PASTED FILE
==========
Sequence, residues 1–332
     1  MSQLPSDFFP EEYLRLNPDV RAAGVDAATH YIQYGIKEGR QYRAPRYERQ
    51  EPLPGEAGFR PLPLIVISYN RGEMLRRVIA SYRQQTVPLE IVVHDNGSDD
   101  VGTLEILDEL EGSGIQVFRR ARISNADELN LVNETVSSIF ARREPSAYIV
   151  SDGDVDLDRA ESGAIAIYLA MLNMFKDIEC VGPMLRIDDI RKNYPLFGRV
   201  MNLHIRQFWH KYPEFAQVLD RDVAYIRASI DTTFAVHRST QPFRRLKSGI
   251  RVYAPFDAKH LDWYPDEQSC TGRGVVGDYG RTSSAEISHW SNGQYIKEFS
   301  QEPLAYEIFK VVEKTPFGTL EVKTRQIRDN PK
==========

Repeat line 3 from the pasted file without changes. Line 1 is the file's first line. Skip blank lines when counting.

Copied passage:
    51  EPLPGEAGFR PLPLIVISYN RGEMLRRVIA SYRQQTVPLE IVVHDNGSDD